Blog Post By Jona Elwell

Here’s What Y’all Think of D.C.’s Trees

Remember when we let you know the city was collecting feedback on our urban forest? Well well well the preliminary results are in and we’re happy to share them with our dear readers.

First of all, a huge shout out to those who completed the survey. We had set a goal to get 1,000 responses and we blew that out of the water with over 1,400 responses!

Considering the District’s history of open, grand public greenspaces, it wasn’t exactly a surprise that the majority of respondents said they enjoy nature most in parks and gardens throughout D.C. Most folks also listed beautification, relaxation, and wellbeing as their favorite benefits of trees which is terrific! But also challenge, as those qualities are much harder to quantify and fight for than some of the other benefits of trees like the shade they deliver, or stormwater they mitigate.

One of the most encouraging statistics was that almost 90% of people surveyed said that D.C. needs more trees. And more than half of those people think we need more trees on the streets. The District Department of Transportation’s Urban Forestry Division is planting trees at a historical pace – which is great! If you see a sad or empty treebox, considering submitting a tree planting request to the city. More importantly, you can pledge to water new trees along the street and dramatically improve the chances that they mature into those grand canopy trees we all love and need so much.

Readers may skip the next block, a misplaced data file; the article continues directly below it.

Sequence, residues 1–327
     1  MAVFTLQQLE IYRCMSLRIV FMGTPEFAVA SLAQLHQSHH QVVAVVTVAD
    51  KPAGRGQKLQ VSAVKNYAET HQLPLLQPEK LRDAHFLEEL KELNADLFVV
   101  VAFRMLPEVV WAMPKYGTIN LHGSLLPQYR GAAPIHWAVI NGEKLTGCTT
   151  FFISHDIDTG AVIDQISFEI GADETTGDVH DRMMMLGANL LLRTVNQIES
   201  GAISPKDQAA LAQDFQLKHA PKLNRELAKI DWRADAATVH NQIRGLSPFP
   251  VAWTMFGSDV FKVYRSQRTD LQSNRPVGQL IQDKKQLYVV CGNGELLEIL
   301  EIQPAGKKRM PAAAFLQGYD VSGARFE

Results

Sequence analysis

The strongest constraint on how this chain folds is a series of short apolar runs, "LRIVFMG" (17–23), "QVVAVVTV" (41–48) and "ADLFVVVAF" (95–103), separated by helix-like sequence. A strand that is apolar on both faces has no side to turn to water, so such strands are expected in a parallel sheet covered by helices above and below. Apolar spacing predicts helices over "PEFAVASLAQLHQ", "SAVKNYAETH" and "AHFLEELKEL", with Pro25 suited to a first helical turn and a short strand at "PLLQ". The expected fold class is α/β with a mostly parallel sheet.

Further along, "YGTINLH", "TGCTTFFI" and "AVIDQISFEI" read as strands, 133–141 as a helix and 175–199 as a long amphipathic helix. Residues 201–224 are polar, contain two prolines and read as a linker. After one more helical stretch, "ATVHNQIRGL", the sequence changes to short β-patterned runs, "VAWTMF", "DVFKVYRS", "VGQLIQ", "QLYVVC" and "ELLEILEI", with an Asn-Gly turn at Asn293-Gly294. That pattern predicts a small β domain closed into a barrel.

One thing the survey told us we need to work on is awareness surrounding the city’s goals. Did you know D.C. has set a goal to have 40% canopy coverage throughout the city by 2032? This level of canopy provides many environmental and social benefits, including reduced stormwater runoff and carbon footprint, improved air quality, additional wildlife habitat, savings on energy bills, increased property value, and enhanced quality of life. A full tree canopy in D.C. also fosters social, economic, and educational opportunities and provides aesthetic benefits to residents.

Overall, the preliminary results from the survey are quite positive – but there is always work to be done! It’s always good to hear from the people directly so we know we’re working towards goals that are beneficial to trees *and* District residents. Want to know more? Want to add something else? We can always be reached at friends@caseytrees.org.  

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